Slug-fest to put spotlight on stadium

PUBLISHED : Thursday, 07 July, 1994, 12:00am
UPDATED : Thursday, 07 July, 1994, 12:00am

IF the beleaguered Hong Kong Stadium is looking for a knight in shining armour he may well come in the form of John Daly.

The Los Angeles-based British film producer is convinced he's got just the event to ''bring the wonderful stadium to the eyes of the world and put it on the map''.

But more of that later. First a brief sketch of Daly.

London in the swinging 60s, and Daly, a brash young businessman joins up with hip actor David Hemmings and hot TV presenter David Frost to form a feisty film company called Hemdale which, for reasons not unrelated to its newsworthy partners, seemed to garner as much inches in the gossip columns as it did in the business pages.

A few years and several high-profile film projects later, Daly has to choose between the company being ''a big fish in a small pond or small fish in a big pond''. He opts for the latter, eschewing Pinewood for Hollywood.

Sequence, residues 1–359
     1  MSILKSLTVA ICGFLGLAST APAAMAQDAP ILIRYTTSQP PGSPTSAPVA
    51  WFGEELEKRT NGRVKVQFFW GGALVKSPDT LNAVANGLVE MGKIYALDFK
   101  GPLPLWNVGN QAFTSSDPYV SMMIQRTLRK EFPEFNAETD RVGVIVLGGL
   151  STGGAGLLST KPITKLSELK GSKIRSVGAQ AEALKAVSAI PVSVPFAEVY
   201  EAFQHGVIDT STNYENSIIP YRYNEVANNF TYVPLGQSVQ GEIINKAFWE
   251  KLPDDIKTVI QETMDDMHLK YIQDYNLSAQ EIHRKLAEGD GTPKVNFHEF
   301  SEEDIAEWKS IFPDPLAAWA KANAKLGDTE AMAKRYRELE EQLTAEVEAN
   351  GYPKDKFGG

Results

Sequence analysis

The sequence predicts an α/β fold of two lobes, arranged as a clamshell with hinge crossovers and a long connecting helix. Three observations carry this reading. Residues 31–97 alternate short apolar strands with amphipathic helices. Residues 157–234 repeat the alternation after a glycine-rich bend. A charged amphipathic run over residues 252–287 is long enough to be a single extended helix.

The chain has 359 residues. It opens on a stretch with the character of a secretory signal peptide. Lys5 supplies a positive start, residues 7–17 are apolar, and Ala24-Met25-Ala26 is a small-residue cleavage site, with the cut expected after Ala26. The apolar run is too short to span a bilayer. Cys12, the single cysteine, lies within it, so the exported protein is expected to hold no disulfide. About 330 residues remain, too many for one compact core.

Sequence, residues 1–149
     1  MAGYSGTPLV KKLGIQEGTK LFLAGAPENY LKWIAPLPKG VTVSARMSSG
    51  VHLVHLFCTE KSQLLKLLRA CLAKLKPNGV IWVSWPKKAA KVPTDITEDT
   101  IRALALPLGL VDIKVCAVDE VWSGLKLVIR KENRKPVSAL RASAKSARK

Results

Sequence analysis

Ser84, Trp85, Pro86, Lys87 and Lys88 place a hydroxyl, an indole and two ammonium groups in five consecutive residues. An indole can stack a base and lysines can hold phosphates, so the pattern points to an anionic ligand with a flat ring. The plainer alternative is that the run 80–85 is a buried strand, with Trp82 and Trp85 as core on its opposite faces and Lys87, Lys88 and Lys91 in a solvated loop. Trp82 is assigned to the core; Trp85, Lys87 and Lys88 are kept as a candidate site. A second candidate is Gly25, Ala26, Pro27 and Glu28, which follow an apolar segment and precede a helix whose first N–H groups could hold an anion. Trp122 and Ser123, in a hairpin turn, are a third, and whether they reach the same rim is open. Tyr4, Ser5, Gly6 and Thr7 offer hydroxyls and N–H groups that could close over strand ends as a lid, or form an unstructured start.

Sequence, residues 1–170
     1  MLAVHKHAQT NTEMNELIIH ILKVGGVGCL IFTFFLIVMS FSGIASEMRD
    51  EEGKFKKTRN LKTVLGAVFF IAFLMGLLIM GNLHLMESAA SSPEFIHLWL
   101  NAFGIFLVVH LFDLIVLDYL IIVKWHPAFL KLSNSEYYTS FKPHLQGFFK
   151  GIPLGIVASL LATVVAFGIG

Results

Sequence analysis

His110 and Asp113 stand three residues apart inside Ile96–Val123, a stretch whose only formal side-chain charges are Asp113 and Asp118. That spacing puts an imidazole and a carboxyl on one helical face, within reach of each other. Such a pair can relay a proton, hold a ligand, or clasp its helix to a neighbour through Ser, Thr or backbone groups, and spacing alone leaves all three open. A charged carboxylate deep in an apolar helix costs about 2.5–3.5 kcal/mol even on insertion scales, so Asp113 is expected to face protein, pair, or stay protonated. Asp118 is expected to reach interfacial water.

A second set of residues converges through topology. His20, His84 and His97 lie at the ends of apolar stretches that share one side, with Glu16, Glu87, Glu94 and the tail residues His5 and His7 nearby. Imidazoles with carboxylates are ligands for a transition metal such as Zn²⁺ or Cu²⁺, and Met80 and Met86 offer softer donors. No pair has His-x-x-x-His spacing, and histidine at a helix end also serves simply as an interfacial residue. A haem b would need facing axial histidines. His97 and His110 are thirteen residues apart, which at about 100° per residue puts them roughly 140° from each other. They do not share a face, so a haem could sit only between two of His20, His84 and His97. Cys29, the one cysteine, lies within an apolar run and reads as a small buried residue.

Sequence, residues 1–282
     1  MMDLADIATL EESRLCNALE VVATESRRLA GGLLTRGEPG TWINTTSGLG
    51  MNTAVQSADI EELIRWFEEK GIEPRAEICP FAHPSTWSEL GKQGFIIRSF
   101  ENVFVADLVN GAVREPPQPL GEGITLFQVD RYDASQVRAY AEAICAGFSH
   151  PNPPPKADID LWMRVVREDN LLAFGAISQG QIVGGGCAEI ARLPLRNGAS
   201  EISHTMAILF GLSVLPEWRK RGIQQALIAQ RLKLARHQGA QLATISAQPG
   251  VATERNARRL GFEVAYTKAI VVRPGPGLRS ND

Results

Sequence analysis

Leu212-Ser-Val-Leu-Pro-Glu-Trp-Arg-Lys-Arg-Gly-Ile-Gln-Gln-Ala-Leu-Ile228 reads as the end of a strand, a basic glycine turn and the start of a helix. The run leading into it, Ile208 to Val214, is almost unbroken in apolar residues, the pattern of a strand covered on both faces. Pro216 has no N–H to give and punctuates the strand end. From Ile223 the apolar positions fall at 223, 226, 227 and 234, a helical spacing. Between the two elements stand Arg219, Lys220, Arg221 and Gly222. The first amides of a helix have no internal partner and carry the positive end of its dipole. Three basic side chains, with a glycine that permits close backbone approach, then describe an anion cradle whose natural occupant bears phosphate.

That's when the company really took off. As Daly reflects: ''It was a brave move, for we were the first British film company to take on the Americans in their own backyard.'' He was involved as executive producer on box office triumphs such as Terminator, Platoon and The Last Emperor.

''We are the only company to have financed and produced back-to-back Oscar-winning movies,'' he remarks with justifiable pride.

He offered an intriguing anecdote about Arnold Schwarzenegger, whose career struck gold in Terminator.

''Actually, the last piece of casting we did was for the robot with not too many lines,'' he recalled. ''Arnie read for another role, but we offered him this part instead. Wisely for him, he accepted.'' But back to So Kon Po. Daly is in Hong Kong to tie up the loose ends for a boxing spectacular featuring three world title fights and a contest involving Britain's best-loved boxer, Frank Bruno, that he will stage at the new stadium on October 23.

The slug-fest will be shown live on American TV and broadcast later in the day in Britain and parts of Europe.

That's a lot of exposure for the stadium. And nobody will begrudge its moment of glory.